Now you made ME work :D

 

 

mk149-info.jpg

 

mk149-diagram.jpg

 

I'll have to find the other document I was reading yesterday about the HVAR. It's where I found the reference to the Mk 149 Mod 0/1 fuze, which I googled to find the fuze manual.

 

You may also want to have a look at this: rockets, 5 inch (hvar) - MOTIS Ordnance Category

 

It notes the different types of HVAR's; there were a number or different types: HVAR HE (Mk 6 war head with Mk 149 Mod 0 or 1 nose fuze and Mk 164 base fuze), HVAR AT (Mk 25 Mod 1 war head wtih Mk 149 Mod 0 nose fuze only), HVAR Practice, and HVAR Dummy.

 

My understanding is that what we have if the HVAR HE, which has BOTH the nose and base fuse, which can be set to 'instant' or 'delayed' (0.020 sec. delay).

 

But regardless, with regards to landing/crash landing with rockets attached, they should not detonate, because they only arm after launch. From my understanding, only a relatively minor force is necessary to remove them from their mounting (eg during firing), which appears to be illustrated by the F6F Hellcat in the video I posted losing at least 2 HVAR's from it's right wing after being caught on an arrestor line at 1:14.

 

The same Hellcat can apparently be seen from another angle with a bit more lead time at 1:20, where you can see even better how it loses the two right rockets (the only two it was carrying) upon getting caught by the arrestor line.

 

SoOoOo, back to my original question, has anybody seen the P-51D lose HVAR's on crash landing?

When you hit the wrong button on take-off

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Also, I read somewhere that the delay was to allow for penetration of the target before detonation, and somewhere I read about the HVAR being able to penetrate a whole lot of concrete.

 

I've never used the delay, but I remember playing an MP mission in which we had to attack an armored column with mostly APC's but also 1 or 2 T-72, which were not affected by HVAR's. I'm now wondering if hitting a T-72 with the HVAR set on delay might penetrate Think.gif

 

Looks like I've got some test missions to set up :huh:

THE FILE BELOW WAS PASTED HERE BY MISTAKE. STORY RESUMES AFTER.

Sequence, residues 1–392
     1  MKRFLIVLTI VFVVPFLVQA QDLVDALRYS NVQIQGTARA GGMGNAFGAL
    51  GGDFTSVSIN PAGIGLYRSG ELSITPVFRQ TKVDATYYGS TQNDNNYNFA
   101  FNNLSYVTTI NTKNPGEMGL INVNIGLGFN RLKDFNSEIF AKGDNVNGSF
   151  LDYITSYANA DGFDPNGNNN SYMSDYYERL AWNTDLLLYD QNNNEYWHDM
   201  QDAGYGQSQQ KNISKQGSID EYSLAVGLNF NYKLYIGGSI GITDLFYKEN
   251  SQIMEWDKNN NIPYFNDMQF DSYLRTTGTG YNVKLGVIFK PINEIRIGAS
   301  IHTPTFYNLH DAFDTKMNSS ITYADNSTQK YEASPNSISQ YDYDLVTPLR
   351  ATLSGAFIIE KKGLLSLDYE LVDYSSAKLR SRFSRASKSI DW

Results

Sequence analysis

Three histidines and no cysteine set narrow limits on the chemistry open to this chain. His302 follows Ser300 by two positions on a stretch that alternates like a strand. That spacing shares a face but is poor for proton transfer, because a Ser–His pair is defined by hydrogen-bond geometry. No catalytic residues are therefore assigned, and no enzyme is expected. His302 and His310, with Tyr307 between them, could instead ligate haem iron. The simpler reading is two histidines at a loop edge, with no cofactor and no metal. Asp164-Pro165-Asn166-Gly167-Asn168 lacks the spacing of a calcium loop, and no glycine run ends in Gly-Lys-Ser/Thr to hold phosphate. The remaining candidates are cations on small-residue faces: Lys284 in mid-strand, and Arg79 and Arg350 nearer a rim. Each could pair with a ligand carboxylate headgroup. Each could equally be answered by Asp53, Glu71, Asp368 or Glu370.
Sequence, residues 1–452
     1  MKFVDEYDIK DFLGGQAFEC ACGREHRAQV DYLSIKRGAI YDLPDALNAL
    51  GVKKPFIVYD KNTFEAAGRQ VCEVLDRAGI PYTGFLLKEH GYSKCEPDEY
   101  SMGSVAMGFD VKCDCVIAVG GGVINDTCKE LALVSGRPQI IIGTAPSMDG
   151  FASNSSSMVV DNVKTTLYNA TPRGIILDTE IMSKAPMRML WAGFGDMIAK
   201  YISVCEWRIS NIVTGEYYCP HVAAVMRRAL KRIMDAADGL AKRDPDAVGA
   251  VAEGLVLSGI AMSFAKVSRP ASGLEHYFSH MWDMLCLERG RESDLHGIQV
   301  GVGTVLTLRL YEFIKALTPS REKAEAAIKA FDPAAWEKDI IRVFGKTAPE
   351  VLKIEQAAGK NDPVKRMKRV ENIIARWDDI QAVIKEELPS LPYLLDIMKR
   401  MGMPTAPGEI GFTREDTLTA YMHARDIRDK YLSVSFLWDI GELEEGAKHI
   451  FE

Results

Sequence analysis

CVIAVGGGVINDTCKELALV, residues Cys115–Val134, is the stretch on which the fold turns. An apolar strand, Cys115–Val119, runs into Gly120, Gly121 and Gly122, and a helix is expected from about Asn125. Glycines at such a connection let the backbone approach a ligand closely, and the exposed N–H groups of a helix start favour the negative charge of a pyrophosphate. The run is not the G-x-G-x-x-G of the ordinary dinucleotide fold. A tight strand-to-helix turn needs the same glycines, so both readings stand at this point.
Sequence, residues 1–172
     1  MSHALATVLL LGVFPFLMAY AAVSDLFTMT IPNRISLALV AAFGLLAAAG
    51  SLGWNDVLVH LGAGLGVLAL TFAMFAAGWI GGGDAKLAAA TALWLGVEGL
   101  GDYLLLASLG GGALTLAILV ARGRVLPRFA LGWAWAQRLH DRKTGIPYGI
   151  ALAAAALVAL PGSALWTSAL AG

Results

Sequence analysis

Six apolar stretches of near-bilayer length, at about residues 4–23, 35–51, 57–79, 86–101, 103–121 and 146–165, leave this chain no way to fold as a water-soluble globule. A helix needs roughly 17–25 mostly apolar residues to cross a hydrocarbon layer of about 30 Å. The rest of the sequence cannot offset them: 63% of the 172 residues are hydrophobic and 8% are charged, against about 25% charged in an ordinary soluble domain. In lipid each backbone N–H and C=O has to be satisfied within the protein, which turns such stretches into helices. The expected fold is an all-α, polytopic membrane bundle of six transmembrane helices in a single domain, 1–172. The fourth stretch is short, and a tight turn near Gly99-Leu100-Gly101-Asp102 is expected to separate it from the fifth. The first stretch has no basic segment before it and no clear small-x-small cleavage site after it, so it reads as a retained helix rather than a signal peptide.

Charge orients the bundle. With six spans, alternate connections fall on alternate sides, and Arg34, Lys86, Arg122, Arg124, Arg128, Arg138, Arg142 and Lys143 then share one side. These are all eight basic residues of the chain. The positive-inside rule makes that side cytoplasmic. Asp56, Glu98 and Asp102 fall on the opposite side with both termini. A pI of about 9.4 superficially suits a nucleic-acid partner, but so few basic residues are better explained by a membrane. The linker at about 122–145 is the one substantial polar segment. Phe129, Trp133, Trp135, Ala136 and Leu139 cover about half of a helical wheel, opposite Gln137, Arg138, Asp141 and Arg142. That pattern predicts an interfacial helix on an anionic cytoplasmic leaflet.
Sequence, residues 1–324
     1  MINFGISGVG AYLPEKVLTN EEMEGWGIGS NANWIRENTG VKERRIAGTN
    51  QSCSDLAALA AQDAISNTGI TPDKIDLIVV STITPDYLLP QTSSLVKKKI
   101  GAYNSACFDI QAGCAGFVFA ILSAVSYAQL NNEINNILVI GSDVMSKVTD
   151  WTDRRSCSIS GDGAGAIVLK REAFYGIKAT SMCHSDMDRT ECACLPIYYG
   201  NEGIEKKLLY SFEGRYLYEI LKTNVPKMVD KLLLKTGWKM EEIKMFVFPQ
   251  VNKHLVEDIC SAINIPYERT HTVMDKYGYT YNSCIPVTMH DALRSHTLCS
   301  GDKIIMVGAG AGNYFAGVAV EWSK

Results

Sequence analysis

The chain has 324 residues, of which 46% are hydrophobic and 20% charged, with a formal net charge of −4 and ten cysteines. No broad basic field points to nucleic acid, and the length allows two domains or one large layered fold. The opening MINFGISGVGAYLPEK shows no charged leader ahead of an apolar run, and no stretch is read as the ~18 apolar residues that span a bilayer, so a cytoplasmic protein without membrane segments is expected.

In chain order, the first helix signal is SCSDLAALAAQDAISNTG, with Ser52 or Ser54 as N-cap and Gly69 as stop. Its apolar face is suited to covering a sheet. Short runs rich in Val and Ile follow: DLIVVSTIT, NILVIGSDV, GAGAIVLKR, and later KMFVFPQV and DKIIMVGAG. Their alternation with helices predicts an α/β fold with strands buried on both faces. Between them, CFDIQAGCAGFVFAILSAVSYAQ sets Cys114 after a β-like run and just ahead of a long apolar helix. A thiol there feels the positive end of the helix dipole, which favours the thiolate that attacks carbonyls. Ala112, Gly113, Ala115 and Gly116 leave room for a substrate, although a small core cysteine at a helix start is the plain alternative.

When you hit the wrong button on take-off

hwl7xqL.gif

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Sorry for the bad link...

 

You may also want to have a look at this: rockets, 5 inch (hvar) - MOTIS Ordnance Category

 

It notes the different types of HVAR's; there were a number or different types: HVAR HE (Mk 6 war head with Mk 149 Mod 0 or 1 nose fuze and Mk 164 base fuze), HVAR AT (Mk 25 Mod 1 war head wtih Mk 149 Mod 0 nose fuze only), HVAR Practice, and HVAR Dummy.

 

My understanding is that what we have if the HVAR HE, which has BOTH the nose and base fuse, which can be set to 'instant' or 'delayed' (0.020 sec. delay).

 

But regardless, with regards to landing/crash landing with rockets attached, they should not detonate, because they only arm after launch. From my understanding, only a relatively minor force is necessary to remove them from their mounting (eg during firing), which appears to be illustrated by the F6F Hellcat in the video I posted losing at least 2 HVAR's from it's right wing after being caught on an arrestor line at 1:14.

 

The same Hellcat can apparently be seen from another angle with a bit more lead time at 1:20, where you can see even better how it loses the two right rockets (the only two it was carrying) upon getting caught by the arrestor line.

 

No problem about the link. I'm familiar with most of the pages you have referenced.

 

There are some difference between the launchers used for HVARS. But each one has shear pins in place that will fail if an impact is strong enough. They are there to allow the rocket to release if the latch mechanism fails during launch.

 

You should check out that Navy Ordinanceman's Guide if you haven't yet. It has much more information than the summaries you have posted.

 

Also, I read somewhere that the delay was to allow for penetration of the target before detonation, and somewhere I read about the HVAR being able to penetrate a whole lot of concrete.

 

I've never used the delay, but I remember playing an MP mission in which we had to attack an armored column with mostly APC's but also 1 or 2 T-72, which were not affected by HVAR's. I'm now wondering if hitting a T-72 with the HVAR set on delay might penetrate Think.gif

 

Looks like I've got some test missions to set up :huh:

 

Yes, a number of HVAR head configurations were possible and I'd agree that is most likely the HE Rocket Head Mk 6 that we have in the sim.

 

The best HVAR to use on the T-72 would be the ATAR...which was developed for the Korean war. A precursor of the HEAT round. I don't think we have that option though.

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8<

You should check out that Navy Ordinanceman's Guide if you haven't yet. It has much more information than the summaries you have posted.

8<

Do you have a link to the Ordnanceman's Guide? All the downloads I can find only go up to 2-25 :cry:

When you hit the wrong button on take-off

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So, I set up a test mission in 2.0 on the NTTR map with air start and put a T-90 in it with hold position and ROE hold fire.

 

Now the only issue that I have is.... HITTING THE DARN TANK DIRECTLY CryingHard.gif

When you hit the wrong button on take-off

hwl7xqL.gif

System Specs.

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CPU: Intel Core i7-5820K @ 3800MHz PSU: Corsair AX860i PSU Monitor: ASUS MG279Q, 27"